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Follow Luma, a dairy cow, as she navigates the painful routine of farm life and the exploitation of her body.


Why watch this film?

"Cow" could easily fall into the propaganda film category - those movies that just spew out shocking opinions to sensitize the audience without anything concrete. However, nothing of the sort. With a simple premise, filmmaker Andrea Arnold ("American Honey") takes her camera and follows the life of Luma, a Dutch dairy cow somewhere in the UK. Right at the beginning of the feature, the friendly cow has her first calf - a little calf that is quickly taken away from its mother. From there, the filmmaker shows two paths: on one side, the loneliness and painful routine of Luma; on the other, the first steps of the calf in the life of this dairy farm. Thus, "Cow" begins to delve into the routine of abuses that this farm promotes. There is a feeling that things happen even with care for those animals - the farmers listen to music, call the cows by name and not by numbers, and so on. But it still remains an environment of animal exploitation. The protagonist cow, Luma, cannot stay with her calf. She has no control over her life, her desires and body, her needs. It is a hard and painful movie, difficult to watch, and it gives you an almost immediate melancholy. So, here's a warning of sensitive content: if you don't like seeing animals suffer or things like that, it's better to stay away - despite the urgent message.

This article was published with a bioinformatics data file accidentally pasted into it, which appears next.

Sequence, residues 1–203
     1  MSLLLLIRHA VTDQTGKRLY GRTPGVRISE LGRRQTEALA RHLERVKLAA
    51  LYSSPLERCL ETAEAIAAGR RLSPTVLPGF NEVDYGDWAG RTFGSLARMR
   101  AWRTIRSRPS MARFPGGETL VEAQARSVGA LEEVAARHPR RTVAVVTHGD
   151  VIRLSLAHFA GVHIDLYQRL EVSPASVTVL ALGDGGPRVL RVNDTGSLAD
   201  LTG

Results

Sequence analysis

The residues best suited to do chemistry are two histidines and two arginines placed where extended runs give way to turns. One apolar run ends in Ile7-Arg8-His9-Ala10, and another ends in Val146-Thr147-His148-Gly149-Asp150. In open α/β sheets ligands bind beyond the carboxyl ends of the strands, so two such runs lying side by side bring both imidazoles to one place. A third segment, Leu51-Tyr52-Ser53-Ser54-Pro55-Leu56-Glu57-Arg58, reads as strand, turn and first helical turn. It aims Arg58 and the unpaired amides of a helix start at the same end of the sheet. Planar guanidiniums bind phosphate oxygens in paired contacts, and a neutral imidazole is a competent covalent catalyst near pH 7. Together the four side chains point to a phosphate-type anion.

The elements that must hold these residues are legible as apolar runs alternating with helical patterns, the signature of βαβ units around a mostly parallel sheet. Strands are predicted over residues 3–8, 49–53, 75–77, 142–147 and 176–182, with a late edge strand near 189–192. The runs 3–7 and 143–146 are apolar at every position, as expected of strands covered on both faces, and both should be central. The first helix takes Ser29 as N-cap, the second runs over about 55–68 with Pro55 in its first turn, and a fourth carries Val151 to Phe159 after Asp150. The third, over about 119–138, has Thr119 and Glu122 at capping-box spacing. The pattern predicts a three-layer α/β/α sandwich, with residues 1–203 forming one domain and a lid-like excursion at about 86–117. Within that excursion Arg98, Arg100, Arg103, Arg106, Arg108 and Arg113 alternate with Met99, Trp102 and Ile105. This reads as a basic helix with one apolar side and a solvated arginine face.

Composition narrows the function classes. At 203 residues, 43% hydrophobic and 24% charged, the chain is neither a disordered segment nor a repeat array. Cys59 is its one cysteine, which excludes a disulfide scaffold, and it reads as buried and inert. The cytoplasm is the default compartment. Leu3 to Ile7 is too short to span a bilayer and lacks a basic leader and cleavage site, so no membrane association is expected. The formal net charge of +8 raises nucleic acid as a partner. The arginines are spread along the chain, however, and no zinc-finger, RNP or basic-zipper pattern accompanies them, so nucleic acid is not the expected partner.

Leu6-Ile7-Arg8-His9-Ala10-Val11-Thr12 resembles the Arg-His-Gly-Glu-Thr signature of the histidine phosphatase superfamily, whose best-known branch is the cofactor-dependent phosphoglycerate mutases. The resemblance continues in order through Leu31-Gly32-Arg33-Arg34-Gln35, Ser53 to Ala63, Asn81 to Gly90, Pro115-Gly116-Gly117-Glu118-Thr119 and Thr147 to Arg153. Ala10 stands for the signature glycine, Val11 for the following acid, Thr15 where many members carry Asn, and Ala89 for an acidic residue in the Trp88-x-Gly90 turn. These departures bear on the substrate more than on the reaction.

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Plot summary

A portrait of the life of a dairy cow called Luma, this observational documentary unflinchingly chronicles its subject’s daily life, from grazing in green fields to giving birth, making milk and everything in between.

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Where to watch?

Available at home